Lost in Flight: Propeller Arena
By Eric Oborne
August 4th, 2012
Posted in Features
In 2001, the United States saw the loss of thousands of lives in a tragedy that will be remembered for years to come. The impact it had on the loved ones of those who died, the city of New York, and our country was immense and has shaped how our country operates today to fight the war on terror. What some people may not know is that the attack on September 11th had also brought upon the cancellation of one of the Dreamcast’s last remaining games. “Although the game content does not deal with terrorism in any way, it is possible for a determined individual to deliberately play the game in a manner that generates images similar to those we have seen on the news”. This came from an official PR statement from Sega of America a couple of days after the terrorist attacks and provides a clear understanding of why Propeller Arena: Aviation Battle Championship never saw the light of day.
If I had not known who the developer was, it would be easy for me to guess this was created by AM2. The arcade-like game play (which is the studio’s bread and butter), the unique character designs, and even the punk rock soundtrack are all present in Propeller Arena. What really struck me when I saw the characters was how similar in structure and personality they are to Shenmue’s denizens. They could easily fit right into Yu Suzuki’s masterpiece and be fine arm wrestling opponents for Ryo Hazuki. There are eight initial characters with their own personal plane and tricks, as well as additional pilots unlocked after completing the Championship mode. One really neat unlockable is a Dreamcast controller plane, complete with a VMU!
Along with the standard quick battle and Championship mode (where you compete in 8 free for all matches) there is a fun training mode that is similar to Crazy Taxi’s Crazy Box. Inside Training you will find three different options: Stunt, Challenge, and Ability. Stunt is very good for learning each plane’s unique tricks while Ability will give you the skills to handle each plane effectively. Challenge mode is the most interesting since each mission throws something different at you. One requires destroying missiles before they hit the ground, while another tasks you with blowing up a HUGE meteor before it crashes into the Earth. Finally there is the network mode that would have really shown Propeller Arena’s true potential. Just imagine playing online with five other players and communicating real time via voice chat – besides Alien Front Online, this would have been the only console game available to do this at that time. The high flying acrobatics and intense white knuckle dog fighting create a lot of instances where you would want to shout for joy or lash out in anger making the option for voice chat a welcome addition to the online play.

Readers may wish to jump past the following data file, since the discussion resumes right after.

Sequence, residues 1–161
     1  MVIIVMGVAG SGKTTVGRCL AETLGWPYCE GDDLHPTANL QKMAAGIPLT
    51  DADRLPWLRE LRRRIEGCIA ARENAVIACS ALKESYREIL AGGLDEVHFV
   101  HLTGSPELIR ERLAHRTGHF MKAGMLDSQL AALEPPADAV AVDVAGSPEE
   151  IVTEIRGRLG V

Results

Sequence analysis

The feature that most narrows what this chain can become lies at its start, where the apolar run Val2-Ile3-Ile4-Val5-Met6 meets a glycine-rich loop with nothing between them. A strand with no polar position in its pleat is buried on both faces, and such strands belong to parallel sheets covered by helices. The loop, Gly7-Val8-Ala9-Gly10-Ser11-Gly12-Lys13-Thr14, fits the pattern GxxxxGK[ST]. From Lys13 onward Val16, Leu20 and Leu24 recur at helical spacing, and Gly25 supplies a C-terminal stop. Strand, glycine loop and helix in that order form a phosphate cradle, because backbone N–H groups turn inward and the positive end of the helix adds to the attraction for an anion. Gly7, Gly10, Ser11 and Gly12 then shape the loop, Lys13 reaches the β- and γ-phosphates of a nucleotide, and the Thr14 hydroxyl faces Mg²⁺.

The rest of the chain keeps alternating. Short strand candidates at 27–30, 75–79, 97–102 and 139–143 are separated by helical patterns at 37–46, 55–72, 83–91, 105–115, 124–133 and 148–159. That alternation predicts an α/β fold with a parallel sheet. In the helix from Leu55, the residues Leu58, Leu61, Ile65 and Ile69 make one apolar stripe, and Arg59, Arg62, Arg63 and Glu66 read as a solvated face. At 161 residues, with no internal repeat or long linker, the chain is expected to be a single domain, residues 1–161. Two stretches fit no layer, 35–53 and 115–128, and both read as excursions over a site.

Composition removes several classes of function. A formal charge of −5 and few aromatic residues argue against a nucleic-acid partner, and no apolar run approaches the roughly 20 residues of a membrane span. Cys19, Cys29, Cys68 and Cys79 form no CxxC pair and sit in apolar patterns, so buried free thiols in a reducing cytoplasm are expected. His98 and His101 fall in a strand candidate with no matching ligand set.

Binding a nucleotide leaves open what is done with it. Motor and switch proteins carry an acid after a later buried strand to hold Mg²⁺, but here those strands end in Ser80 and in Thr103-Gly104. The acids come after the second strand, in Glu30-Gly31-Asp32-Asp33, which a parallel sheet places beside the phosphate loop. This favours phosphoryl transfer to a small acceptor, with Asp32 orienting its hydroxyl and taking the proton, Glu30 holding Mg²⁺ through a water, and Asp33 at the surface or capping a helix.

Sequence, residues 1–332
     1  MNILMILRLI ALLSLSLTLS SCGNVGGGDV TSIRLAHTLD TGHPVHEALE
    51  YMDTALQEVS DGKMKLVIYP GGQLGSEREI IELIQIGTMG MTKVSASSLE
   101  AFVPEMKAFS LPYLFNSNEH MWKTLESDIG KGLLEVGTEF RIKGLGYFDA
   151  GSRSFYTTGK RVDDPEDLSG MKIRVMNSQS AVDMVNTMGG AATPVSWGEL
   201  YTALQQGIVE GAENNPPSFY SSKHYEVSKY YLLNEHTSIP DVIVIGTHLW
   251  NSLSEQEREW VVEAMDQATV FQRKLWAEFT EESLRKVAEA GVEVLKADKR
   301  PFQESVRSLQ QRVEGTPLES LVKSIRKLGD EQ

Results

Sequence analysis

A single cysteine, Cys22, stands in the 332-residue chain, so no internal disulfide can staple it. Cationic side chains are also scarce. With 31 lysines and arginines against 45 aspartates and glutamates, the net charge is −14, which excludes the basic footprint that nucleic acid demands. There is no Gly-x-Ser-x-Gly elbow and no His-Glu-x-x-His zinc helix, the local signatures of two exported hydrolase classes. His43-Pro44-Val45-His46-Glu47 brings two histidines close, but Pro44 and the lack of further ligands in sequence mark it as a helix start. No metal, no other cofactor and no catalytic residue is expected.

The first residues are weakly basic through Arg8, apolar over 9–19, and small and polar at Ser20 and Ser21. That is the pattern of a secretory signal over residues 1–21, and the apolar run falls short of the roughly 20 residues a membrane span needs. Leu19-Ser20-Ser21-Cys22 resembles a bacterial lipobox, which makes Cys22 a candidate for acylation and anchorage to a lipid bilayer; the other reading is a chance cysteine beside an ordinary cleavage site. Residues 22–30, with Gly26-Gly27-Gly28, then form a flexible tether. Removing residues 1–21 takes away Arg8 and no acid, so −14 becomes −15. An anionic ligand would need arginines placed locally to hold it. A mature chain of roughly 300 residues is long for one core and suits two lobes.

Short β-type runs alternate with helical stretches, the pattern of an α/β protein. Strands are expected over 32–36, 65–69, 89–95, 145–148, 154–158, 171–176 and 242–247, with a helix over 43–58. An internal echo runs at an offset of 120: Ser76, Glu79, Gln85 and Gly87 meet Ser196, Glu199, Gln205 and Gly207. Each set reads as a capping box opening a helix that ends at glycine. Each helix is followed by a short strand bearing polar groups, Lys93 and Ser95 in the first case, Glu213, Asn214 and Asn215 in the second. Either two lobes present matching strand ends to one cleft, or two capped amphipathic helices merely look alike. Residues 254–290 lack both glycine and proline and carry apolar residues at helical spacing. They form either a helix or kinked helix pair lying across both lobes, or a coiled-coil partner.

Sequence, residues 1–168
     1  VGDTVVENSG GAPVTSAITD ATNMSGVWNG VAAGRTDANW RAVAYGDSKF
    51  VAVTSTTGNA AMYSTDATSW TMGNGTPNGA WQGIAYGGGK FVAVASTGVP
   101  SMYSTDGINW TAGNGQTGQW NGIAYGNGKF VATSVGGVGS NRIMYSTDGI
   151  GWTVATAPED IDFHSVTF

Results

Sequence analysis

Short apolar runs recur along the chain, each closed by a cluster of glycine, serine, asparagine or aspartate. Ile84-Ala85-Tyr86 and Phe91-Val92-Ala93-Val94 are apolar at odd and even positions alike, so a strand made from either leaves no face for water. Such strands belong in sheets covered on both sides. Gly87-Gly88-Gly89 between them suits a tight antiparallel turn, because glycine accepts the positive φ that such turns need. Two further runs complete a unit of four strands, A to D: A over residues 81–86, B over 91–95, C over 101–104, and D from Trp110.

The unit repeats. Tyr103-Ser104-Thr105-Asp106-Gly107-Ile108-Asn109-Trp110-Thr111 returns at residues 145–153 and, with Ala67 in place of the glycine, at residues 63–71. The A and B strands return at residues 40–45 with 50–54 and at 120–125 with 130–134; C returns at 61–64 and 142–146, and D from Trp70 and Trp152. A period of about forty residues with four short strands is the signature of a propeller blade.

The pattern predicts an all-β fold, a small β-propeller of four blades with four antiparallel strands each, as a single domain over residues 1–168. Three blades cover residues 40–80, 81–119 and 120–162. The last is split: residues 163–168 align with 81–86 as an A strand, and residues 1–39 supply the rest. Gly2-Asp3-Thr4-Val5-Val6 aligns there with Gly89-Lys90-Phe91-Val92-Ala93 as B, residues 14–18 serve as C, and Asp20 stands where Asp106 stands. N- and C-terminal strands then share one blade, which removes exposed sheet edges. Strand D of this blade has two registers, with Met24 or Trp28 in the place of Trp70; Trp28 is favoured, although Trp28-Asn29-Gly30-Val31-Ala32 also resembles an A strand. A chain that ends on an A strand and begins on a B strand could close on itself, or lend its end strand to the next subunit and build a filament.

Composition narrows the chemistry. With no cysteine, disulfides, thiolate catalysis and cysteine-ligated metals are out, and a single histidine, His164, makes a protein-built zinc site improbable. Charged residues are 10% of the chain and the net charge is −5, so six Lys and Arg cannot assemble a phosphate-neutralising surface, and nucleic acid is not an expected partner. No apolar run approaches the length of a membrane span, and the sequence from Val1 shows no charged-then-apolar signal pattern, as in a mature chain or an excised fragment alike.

There were a few developers that could really push the Dreamcast to its limits and AM2 was definitely one of them. Propeller Arena is a gorgeous game for its time and still manages to hold up extremely well. The key is in its art style and the small graphical touches littered about in the stages. There is a nice contrast of the World War II planes fighting in modern day settings with each drawing inspiration from the planes used in that era. Though constrained somewhat, the levels themselves have a lot of character and variety to them. You’ll find yourself narrowly dodging fireballs erupting from a volcano to weaving in between sun drenched canyons and losing your bearings in a pitch-black storm out at sea. I was amazed by how well the textures are when flying close to the ground and the lighting effects seemed to be closer to a light bloom than a simple lens flare you’d find, for instance, in Sonic Adventure. Everything has that perfect SEGA “feel” that makes you yearn for the old days when arcade style games were abundant.
Propeller Arena is one of many games that defined the Dreamcast. It’s a totally unique game with simple yet engaging gameplay, visually unique artistic design, and ahead-of-its-time networking functions. Unfortunately, from no fault of its own, it never got a chance to take flight.
Interested in trying the game out for your self?